The unofficial psychology blog from Paul Hutchings

Psychologists Rush In Where Sane People Are Too Sensible To Tread

The shootings in Aurora, Colorado in the past week were a senseless loss of life, and my sympathies go out to those who were injured and the families of those injured and killed. As a person, that is all I want to say – and as a psychologist, that is all I can really say as well… because I have been pretty disheartened by the number of ‘experts’ who have appeared on TV, in print, on blogs, all proclaiming to have ‘answers’ about why James Holmes allegedly did what he did.

Now I’m not denegrating the credentials of these people, I’m sure that they have many years of experience and ample qualifications to make them experts on the topic of spree-killing, mental health, etc. My issue is with the sometimes wild and spurious comments made with so little evidence to back them up. It is as if the very ambiguous nature of this act has allowed clinicians and scientists to mix a bit of evidentiary support with their own pet theories to create something which they hope will resonate with the public and therefore take a place in people’s psyche – evidence without experimentation.

Let us take a look at just a couple of examples from today: first of all, a seemingly bizarre attempt to link the shootings to cybercrime (along with the solution, funnily enough provided by them). This little gem even gives a checklist of common traits found in rampage killer cases; such as ‘[O]ver 50% of rampage killers have a history of mental illness. News reports have suggested Mr. Holmes had recently been expelled from graduate school, majoring in neuroscience, or he left school of his own volition.’ [1]. That’s right folks, we’ve got no information on any mental illness – but he was either expelled (or just left, not exactly sure which) so that obviously tells us something doesn’t it? Why else would he leave/be expelled? That is the message given by tying these two things together – but we don’t know… we’ve got no idea. Most of us who have been through grad school/higher degrees probably consider it the other way around! How about this one? ‘In roughly 25% of rampage killer cases, a relationship issue such as a divorce or breakup is the precipitating event. Approximately 45% of rampage killers are triggered by unexpected employment losses. There has been so far no information suggesting employment or relationship events triggered his rage.'[1]. So, Holmes will fit into either the 25% category, the 40% category, or the 35% ‘other’ category – fancy that! Who can compete with such stats? How about ‘Adult rampage killers often have military backgrounds and possess weapons they have obtained legally. At the time of this release, there has not been confirmation that Mr. Holmes was in the military or purchased his cadre of weapons legally.'[1]. Now, I’m not deliberately picking faults here with this particular piece, just using it as an example, but doesn’t all of this add up to simply say… ‘we know almost nothing at the moment, we can’t tell you why it happened’.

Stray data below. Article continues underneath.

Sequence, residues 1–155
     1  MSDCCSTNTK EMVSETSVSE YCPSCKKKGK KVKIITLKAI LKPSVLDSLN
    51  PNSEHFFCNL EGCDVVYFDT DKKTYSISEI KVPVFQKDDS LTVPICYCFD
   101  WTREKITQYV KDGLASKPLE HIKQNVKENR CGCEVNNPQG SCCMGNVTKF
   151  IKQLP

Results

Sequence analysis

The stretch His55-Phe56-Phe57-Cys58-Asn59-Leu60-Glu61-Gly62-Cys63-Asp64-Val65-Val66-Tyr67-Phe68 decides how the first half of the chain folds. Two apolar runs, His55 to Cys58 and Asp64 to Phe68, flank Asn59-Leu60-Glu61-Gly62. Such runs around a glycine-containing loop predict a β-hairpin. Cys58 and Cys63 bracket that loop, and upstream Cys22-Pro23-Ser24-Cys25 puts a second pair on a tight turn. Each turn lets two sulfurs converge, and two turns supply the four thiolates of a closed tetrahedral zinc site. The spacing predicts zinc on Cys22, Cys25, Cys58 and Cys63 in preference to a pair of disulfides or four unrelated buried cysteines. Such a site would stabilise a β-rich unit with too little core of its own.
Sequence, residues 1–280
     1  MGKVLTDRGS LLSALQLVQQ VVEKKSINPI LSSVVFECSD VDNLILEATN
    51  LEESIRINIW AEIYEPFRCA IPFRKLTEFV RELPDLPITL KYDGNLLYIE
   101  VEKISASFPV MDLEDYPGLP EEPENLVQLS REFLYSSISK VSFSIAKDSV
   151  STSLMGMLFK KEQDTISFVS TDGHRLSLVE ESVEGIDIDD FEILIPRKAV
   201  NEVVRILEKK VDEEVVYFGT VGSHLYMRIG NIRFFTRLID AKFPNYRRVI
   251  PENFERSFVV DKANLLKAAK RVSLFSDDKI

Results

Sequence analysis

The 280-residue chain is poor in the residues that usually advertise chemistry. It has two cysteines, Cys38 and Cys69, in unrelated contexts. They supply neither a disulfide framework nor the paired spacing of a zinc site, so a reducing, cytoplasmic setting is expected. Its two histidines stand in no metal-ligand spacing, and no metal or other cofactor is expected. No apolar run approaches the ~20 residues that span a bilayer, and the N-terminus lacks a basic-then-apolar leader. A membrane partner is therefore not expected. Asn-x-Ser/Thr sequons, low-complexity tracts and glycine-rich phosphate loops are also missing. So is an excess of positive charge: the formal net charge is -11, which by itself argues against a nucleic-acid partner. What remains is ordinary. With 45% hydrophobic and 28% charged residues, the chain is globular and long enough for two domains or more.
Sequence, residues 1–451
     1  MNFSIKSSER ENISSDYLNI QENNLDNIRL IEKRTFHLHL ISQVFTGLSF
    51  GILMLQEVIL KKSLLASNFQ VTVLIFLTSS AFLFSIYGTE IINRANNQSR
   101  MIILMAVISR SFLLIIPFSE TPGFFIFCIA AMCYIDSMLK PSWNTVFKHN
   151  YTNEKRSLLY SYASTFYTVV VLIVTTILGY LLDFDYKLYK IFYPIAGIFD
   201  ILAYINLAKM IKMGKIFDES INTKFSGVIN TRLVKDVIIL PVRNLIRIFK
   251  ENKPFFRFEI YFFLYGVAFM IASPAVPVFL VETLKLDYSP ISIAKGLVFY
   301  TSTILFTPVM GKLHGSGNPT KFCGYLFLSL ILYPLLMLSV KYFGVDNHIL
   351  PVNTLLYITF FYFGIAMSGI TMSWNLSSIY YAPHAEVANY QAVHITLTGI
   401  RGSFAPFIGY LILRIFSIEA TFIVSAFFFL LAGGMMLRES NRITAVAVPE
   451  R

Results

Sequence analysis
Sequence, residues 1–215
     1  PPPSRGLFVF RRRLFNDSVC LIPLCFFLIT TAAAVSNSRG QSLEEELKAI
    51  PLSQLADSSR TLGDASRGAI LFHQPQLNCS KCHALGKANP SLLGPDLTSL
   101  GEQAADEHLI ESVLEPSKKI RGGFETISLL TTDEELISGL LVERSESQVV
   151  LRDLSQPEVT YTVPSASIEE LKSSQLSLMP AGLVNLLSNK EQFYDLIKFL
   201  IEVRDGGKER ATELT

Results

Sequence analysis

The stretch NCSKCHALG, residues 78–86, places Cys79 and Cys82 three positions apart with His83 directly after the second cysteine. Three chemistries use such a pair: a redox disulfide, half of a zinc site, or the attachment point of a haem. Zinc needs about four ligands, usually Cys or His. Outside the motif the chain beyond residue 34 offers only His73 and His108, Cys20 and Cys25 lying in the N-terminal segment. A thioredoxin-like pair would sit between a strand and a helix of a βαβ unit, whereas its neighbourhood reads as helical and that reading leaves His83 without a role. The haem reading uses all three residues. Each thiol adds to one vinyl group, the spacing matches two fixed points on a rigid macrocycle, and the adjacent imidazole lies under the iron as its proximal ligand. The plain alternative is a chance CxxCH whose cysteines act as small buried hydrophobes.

This piece by Curtis Brainard at The Observatory[2] covers the media speculation well, and their rush to gain ‘insights from psychologists (inlcuding the wonderful cover-all of ‘Psychologists said shooters who go on rampages, targeting random people with no apparent motive, may or may not have a psychotic disorder such as schizophrenia.’)

Whilst watching the news I found myself shouting at the screen ‘say you don’t know’ as another interviewer asked someone to speculate on the perpetrator’s mental health state – but quite a few went on to give their opinion on it. Why? I think it may be that the very notion of saying ‘I don’t know‘ is seen as a weakness by some experts; it is as if they worry that someone is going to say ‘You don’t know? What sort of an expert are you?’. But when you don’t have the data then speculation is dangerous, particularly in cases like this. Because we are talking about issues which could have a profound effect on a lot of people’s lives; it goes beyond the event itself into areas of mental health stigma, gun control, and many other areas, and wild speculation on those issues is never good.

However, the media are part of the problem as well – they want nicely-packaged answers. I’ve given interviews where I’ve heard the irritation in the voice of the interviewer after I’ve said ‘it’s not as simple as that’ for the umpteenth time; I’ve seen some of my interviews replaced by other people who are happy to say that it is as simple as that! Unfortunately, we will never change the media, they are doing the job they do and if we are foolish enough to play their game then we get what we deserve if we forget our core principles.

It is highly likely that I could take any of you reading this and portray you as a serial-killer or a saint… slice up a life into small enough chunks, get enough quotes from people, discard the bits that don’t fit my theory and it is job done. And that is what will probably happen after this case – the irony is that just about everyone who has appeared in the media regarding this story will be able to carve up the intricacies of Holmes’ life to fit the majority of what they have said. And that is dangerous for psychology in particular, it can’t (or shouldn’t) work like that. It weakens what we strive to be. 

Don’t get me wrong, I’d love to do more media stuff, I’m sure it would be good for my research and my department. I think all academics/scientists should, it is our duty to get information out to the public. But it has to be accurate information based on fact. Leave the commentary to the commentators… and remember that sometimes the most powerful thing that you can say is ‘I don’t know.


[1] Accessed 22nd July 2012

[2] Accessed 22nd July 2012


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